Each of their significant others has mentioned to me at one time or other that they are so impressed with my kids knowledge of cooking, gardening, bargain shopping or the like. I always have to say they didn't learn it from me, I just tried to teach them how to go about finding the answers for their questions, even when sometimes they didn't know they had a question! I'm a strong believer in the notion that every experience in life is a learning opportunity and I always try to get the most out of every opportunity that I possibly can. If my kids learned that then I feel they learned a lot!
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So for all the newbies out there that need information on how to preserve some of summer's bounty, I thought I would share some of my all time favorite recipes. These recipes freeze well and can be used for a variety of things. Also I buy things like mushrooms and celery, two things that I cannot get at the market when they are on sale and dehydrate them for use all year long. All measurements are approximate, as some people may not use salt or the specific spice that I do. The best way to do these recipes is to set aside a Saturday and cook all day. I always freeze in the freezer Ziploc bags, as they will lie flat in my freezer so they take up less room.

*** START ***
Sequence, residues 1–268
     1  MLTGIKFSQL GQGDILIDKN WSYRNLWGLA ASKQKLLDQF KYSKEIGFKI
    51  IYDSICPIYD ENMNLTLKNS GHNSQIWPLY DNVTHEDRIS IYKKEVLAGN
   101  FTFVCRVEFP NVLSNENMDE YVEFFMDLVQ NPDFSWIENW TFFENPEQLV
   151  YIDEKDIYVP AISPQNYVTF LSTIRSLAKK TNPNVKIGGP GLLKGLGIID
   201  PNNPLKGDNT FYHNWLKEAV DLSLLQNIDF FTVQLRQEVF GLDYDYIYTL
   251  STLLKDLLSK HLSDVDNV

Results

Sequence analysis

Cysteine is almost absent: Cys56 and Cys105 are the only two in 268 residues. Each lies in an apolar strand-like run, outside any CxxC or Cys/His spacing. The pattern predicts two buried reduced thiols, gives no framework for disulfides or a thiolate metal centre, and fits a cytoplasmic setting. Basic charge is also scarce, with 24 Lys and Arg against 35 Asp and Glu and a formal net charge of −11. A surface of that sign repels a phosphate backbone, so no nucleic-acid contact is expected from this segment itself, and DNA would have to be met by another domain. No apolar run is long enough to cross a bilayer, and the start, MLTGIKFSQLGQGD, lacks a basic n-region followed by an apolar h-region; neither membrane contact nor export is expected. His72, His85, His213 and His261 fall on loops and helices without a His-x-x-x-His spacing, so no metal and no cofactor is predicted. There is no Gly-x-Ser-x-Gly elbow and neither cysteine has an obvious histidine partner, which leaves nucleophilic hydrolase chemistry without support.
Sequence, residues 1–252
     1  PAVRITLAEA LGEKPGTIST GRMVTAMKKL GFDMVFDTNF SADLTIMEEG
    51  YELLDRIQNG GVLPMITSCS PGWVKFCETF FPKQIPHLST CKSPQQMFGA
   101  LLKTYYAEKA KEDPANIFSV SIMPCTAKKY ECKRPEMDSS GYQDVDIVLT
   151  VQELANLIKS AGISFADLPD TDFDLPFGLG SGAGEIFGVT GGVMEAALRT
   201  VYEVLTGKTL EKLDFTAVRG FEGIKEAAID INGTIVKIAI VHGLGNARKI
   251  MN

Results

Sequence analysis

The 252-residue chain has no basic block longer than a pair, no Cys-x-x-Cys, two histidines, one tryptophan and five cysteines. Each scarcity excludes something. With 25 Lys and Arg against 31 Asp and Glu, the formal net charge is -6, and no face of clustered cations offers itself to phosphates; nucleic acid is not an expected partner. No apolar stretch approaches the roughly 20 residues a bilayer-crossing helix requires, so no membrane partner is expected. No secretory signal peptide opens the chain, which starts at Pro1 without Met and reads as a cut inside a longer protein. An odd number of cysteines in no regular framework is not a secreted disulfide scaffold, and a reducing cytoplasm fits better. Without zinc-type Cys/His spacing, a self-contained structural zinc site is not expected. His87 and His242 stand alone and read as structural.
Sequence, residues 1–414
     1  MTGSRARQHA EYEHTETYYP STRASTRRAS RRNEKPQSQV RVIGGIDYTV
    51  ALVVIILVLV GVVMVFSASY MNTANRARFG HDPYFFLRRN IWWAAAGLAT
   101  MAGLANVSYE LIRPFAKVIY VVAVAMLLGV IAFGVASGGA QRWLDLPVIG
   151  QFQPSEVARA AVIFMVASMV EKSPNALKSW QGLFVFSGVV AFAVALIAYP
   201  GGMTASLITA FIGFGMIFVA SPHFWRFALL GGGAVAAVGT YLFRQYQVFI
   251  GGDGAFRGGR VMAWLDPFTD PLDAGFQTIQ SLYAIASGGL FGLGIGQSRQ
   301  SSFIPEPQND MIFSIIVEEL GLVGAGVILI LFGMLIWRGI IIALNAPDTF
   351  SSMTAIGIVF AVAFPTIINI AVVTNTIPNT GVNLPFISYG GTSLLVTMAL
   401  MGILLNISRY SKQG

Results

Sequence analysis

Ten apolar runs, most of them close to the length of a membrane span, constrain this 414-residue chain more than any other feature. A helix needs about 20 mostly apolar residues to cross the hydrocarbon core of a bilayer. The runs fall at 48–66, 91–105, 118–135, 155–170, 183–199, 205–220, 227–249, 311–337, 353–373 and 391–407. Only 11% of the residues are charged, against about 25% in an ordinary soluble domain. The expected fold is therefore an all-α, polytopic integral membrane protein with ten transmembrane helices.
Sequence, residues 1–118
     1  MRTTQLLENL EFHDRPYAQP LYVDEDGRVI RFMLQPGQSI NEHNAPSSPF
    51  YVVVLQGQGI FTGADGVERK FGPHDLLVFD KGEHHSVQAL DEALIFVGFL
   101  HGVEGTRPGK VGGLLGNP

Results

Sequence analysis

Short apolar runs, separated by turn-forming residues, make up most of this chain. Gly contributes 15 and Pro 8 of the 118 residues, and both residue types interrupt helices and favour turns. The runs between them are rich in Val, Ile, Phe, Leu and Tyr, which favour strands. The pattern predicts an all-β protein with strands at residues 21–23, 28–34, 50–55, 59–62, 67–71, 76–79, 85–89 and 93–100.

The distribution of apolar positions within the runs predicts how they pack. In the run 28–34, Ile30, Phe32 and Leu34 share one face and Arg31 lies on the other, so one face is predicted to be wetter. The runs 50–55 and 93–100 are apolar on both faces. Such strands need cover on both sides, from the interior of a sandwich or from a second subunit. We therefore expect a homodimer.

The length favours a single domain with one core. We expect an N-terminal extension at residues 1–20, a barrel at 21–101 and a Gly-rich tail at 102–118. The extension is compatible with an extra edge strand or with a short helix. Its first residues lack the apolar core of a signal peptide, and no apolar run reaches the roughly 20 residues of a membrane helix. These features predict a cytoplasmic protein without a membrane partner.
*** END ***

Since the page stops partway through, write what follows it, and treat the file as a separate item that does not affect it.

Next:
To the basic tomatoes, you can continue on and add any vegetable that you like. I some times add grated zucchini or summer squash into the tomatoes to add extra nutrition and because my family doesn't always want to eat squash and, if it is hidden in the sauce, they don't care if it is there. I use basic tomatoes to make spaghetti sauce, cream of tomato soup, chili or any dish that requires a tomato base. Having this frozen in my freezer in gallon bags, makes making spaghetti very easy. All I do is add Italian seasonings and meat. The sauce only needs to cook for about a half an hour and I have homemade dinner on the table. Same with chili I drain and rinse some beans, cook up some hamburger and add some chili powder and green chilies in a can and then just let it simmer for about a half and hour. I also use this raw which means that I only peel the tomatoes and saute' the onions and garlic for salsa and then add a can of green chilies and freeze.